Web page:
Let's level the playing field

February 04, 1999|By Sherry F. Bellamy

MARYLANDERS want to know when they will see competition among local phone service providers. The truth is that large business customers already have several alternatives to Bell Atlantic Corp.'s local phone service.

If you are a major bank, hospital or university, one of the "big three" long-distance giants -- AT&T, MCI-Worldcom and Sprint -- will gladly provide you local and long-distance service. Other competitors, such as Teligent, Winstar and e.spire, also would like to serve you.

But none of these companies has any real interest in serving residential consumers because such business is not as profitable.

Few choices

If you are a small business or a residential customer, you have few alternatives: Starpower (a joint venture of the power company Pepco and the telecom company RCN), Jones Cable, Comcast and Conectiv (a division of Delmarva Power). But these companies' services do not cover all of Maryland.

The big three long-distance telephone companies are sitting on the sidelines when it comes to local residential competition. Under federal law, Bell Atlantic is barred from entering the long-distance telephone market until the Federal Communications Commission says our local market is open to competition.

The big three are blocking such competition by refusing to offer local service in Maryland, thus keeping Bell Atlantic from competing for long-distance customers.

Lock on the market

These three companies still control 80 percent of the long-distance telephone service market, including several heavily advertised "1010" dialing services. As an example of its control, AT&T recently adopted a minimum $3 monthly charge for residential customers -- even if they make no long-distance calls that month.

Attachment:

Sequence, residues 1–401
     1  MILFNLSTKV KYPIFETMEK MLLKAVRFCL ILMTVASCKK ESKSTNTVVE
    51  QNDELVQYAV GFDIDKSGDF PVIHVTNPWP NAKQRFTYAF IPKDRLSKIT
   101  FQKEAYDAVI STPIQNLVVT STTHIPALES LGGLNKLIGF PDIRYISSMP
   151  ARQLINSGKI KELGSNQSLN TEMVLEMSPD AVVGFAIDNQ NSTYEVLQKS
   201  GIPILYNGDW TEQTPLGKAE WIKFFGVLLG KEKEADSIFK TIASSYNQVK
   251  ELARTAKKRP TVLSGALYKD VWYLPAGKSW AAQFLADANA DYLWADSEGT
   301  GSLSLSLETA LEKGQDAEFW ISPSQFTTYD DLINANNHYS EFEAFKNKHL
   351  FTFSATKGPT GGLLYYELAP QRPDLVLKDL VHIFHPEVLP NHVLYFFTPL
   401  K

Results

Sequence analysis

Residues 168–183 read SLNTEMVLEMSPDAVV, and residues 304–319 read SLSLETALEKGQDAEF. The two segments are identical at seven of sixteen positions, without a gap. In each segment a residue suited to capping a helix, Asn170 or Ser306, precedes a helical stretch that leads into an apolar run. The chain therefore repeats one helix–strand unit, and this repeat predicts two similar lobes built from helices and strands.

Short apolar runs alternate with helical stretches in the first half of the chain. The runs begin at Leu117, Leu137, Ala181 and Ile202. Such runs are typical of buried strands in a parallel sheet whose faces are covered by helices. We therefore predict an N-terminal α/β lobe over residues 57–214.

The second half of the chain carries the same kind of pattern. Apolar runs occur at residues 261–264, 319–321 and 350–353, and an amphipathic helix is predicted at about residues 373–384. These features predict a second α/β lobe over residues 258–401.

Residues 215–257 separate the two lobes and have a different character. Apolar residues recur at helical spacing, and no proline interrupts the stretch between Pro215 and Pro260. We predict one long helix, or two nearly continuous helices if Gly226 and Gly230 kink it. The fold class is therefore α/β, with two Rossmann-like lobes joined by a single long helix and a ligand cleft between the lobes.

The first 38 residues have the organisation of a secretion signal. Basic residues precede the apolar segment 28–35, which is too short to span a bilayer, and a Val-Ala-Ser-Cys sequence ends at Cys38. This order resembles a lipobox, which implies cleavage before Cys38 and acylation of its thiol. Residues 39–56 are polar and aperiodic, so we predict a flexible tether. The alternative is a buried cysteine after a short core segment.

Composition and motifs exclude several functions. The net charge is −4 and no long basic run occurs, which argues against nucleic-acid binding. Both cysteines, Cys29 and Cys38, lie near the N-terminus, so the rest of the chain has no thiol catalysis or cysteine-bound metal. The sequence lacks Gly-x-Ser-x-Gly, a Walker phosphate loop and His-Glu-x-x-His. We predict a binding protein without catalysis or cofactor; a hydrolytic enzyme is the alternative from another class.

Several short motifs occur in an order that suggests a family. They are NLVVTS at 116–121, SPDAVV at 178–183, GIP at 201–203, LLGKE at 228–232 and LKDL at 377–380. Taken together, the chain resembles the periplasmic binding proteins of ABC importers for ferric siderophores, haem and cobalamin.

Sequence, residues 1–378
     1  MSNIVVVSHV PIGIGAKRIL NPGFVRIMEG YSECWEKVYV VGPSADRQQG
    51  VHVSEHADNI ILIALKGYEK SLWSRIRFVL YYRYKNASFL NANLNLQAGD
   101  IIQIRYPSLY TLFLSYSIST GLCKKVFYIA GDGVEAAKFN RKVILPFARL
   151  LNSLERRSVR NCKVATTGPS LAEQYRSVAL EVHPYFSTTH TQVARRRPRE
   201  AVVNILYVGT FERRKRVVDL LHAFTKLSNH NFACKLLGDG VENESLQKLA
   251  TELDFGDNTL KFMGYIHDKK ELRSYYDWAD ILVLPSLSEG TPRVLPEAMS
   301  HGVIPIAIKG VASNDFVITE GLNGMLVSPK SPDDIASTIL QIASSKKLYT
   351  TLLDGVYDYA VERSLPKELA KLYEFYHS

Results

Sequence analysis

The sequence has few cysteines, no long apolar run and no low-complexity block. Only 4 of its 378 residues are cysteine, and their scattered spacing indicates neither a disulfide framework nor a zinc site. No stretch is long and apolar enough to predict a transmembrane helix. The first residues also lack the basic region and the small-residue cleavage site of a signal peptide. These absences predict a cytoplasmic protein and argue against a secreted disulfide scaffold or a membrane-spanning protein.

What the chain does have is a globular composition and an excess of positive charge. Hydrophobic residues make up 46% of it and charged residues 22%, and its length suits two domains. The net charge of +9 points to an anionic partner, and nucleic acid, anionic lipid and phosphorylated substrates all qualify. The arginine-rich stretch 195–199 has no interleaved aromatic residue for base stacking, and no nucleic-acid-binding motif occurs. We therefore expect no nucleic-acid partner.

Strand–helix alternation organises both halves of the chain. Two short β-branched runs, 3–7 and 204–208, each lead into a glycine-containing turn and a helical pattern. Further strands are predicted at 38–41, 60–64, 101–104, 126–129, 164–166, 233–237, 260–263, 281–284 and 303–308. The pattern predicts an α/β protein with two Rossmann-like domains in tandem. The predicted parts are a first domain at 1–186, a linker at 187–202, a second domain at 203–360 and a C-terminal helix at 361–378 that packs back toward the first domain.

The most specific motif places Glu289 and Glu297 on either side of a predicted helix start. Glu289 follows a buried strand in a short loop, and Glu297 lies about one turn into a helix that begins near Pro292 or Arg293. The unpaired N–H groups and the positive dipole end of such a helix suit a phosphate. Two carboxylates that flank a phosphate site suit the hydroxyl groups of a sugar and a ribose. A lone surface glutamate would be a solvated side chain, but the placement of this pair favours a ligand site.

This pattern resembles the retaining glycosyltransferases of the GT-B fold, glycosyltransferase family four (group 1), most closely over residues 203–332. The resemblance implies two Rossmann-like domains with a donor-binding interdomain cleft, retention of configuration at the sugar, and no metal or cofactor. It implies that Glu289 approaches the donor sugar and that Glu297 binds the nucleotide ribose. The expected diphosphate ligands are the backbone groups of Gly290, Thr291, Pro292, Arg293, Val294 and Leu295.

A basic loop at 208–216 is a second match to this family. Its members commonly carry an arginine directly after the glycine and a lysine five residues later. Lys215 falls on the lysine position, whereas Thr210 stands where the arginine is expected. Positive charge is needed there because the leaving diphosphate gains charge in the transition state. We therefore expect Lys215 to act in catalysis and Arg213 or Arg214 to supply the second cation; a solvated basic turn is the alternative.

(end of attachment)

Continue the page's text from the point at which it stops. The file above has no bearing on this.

The Maryland Public Service Commission has gone to great lengths to entice the big three to offer local service in Maryland.

The commission has ordered Bell Atlantic to let other companies use its $5.5 billion Maryland network at deeply discounted rates, giving the big three and other companies a 20-percent discount.

A wish list

In an effort to give the big three every item on their wish list, the PSC ordered Bell Atlantic to let AT&T and others use its facilities to serve the local Maryland market. Since this order violates federal law and provides no incentive for continued investment in the Maryland telephone network, Bell Atlantic is challenging it in court.

While the PSC has taken every step it can to encourage local phone competition, the big three still refuse to provide such service on a large scale.

Instead, they have spent hundreds of thousands of dollars on misleading media campaigns, unending legal challenges and lobbying efforts in an all-out attempt to block Bell Atlantic and other Bell companies from breaking the long-distance logjam.

Bell Atlantic has agreements to connect with more than 40 companies authorized by the PSC to offer local service in Maryland. Bell Atlantic has spent more than $1 billion in its 14-state region and devoted several hundred employees solely to making the required software and systems changes to enable other companies to use our network and compete for our customers.

As a result, a national trade group of competitive telecom companies stated that Bell Atlantic was a "model" for how existing local phone companies could work to introduce competition. Unfortunately, such truthfulness was not well received by one of the big three: Citing the statement, MCI-Worldcom subsequently quit the trade association. Effective, widespread competition in the local market will happen as soon as Bell Atlantic is free to offer a variety of services -- including long-distance -- and give the big three a much-needed run for their current customer base.

Sherry F. Bellamy is president and chief executive officer of Bell Atlantic -- Maryland, Inc.

Pub Date: 2/04/99

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